By Aaron Maasho
ADDIS ABABA (Reuters) - A military offensive by Somali and African Union forces has pushed al Shabaab Islamists into two dwindling pockets of territory, in the north and south, the AU's special envoy said.
Al Shabaab, which controlled Mogadishu and southern Somalia until it was driven out of the capital in 2011 has steadily lost territory since. But it still launches guerrilla-style attacks, and was blamed for a car bomb that severely wounded a university lecturer on Wednesday.
An African Union force, known as AMISOM, and Somali soldiers have recaptured swathes of territory since launching an offensive last year which the AU envoy said had driven al Shabaab from "85 percent" of areas it had controlled.
"When they were hit by AMISOM, the tail went down to the Jubba valley and the head towards Puntland," Maman Sidikou told Reuters, referring to the regions to the south and north.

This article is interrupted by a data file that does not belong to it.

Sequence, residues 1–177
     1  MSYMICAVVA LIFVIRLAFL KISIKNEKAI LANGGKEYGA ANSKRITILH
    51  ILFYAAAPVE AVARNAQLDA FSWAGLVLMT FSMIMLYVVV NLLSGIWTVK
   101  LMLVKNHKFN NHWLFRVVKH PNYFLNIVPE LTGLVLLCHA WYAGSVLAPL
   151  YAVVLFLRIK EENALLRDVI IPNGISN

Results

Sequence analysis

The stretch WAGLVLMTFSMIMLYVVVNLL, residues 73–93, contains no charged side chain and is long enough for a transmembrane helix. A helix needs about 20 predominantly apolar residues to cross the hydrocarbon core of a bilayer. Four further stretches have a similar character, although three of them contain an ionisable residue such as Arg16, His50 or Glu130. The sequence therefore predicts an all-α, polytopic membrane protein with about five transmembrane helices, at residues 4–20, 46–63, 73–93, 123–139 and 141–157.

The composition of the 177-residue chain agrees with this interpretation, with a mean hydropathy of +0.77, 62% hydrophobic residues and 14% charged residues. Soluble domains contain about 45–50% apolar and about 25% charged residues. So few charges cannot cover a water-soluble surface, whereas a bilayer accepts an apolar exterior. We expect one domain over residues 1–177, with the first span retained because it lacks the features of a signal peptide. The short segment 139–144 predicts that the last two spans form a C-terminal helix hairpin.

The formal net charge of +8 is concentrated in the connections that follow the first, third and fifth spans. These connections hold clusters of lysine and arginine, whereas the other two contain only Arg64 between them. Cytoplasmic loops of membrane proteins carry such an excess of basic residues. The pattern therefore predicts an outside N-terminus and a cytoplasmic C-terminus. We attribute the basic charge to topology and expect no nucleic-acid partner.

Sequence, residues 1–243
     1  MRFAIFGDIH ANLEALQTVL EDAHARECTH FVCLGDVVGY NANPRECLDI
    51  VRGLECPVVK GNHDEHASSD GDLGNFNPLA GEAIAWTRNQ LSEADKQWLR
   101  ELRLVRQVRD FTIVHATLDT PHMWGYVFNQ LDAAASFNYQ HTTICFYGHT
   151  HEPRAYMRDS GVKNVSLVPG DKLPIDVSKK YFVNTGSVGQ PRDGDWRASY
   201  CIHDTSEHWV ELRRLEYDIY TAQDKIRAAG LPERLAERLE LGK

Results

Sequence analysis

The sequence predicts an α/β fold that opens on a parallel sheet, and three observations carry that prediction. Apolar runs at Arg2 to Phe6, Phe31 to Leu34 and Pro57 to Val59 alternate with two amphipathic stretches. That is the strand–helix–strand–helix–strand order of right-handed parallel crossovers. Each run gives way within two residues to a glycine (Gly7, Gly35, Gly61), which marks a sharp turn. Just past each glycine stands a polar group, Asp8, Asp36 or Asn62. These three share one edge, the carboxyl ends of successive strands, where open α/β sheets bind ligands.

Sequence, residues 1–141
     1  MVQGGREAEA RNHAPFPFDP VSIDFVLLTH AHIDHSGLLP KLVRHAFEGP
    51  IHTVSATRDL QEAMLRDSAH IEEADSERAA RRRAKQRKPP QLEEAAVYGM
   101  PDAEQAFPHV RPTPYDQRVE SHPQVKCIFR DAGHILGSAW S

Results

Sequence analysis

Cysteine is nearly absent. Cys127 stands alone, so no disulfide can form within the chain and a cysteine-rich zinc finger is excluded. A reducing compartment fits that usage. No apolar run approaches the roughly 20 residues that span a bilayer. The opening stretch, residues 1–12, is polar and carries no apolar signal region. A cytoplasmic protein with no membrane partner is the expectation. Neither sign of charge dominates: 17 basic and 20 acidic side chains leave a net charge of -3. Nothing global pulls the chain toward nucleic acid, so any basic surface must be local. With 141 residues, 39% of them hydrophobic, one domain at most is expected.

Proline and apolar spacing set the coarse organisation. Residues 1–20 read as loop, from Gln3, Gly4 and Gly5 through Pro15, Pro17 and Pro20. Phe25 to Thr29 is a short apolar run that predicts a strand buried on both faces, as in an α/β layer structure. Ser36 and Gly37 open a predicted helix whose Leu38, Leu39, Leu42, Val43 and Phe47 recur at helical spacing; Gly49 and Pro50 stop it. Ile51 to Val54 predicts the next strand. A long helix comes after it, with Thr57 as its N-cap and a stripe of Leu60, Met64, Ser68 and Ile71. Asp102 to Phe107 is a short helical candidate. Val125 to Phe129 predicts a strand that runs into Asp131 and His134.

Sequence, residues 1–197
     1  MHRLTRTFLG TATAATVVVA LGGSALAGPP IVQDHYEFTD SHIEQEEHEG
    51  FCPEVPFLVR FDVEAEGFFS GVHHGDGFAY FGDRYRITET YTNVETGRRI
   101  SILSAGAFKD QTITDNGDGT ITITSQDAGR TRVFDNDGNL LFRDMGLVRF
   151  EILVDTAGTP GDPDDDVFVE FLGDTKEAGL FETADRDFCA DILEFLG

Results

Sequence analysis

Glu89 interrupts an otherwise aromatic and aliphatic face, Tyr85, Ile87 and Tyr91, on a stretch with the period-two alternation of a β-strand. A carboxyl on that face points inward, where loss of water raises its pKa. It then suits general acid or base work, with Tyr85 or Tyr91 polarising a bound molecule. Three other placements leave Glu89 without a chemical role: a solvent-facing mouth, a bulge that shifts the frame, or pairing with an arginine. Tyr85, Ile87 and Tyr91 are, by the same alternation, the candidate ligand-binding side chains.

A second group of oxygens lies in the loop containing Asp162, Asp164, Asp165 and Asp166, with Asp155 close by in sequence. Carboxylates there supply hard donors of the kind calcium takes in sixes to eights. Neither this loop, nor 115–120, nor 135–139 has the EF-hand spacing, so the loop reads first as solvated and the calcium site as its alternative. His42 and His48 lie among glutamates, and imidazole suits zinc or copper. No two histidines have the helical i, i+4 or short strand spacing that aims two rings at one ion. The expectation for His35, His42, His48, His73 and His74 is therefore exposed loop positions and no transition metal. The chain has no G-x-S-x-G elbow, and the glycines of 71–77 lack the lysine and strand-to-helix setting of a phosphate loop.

Sidikou said al Shabaab had its biggest concentration of forces in the fertile stretch of land straddling the Jubba river in the south.
He would not give details of further offensives but said: "Discussions are ongoing and plans are very much advanced."
Al Shabaab says the offensive has not diminished its ability to strike across the southern central region to cut off supply routes.
The semi-autonomous, northern region of Puntland has been relatively calm but in the past week Puntland troops have battled al Shabaab forces in the Galgala hills region.
Puntland authorities say they killed 20 rebels and lost five soldiers and now control the battleground. Al Shabaab said it had killed 23 troops and that fighting was ongoing.
As well as guerrilla attacks in Somalia, al Shabaab has hit neighboring Kenya, which has sent forces to AMISOM.
Other AMISOM contributors are Uganda, Burundi, Djibouti and Ethiopia. Sierra Leone is a contributor but is pulling out, with other remaining states filling the gap, Sidikou said.
(Editing by Edmund Blair and Robin Pomeroy)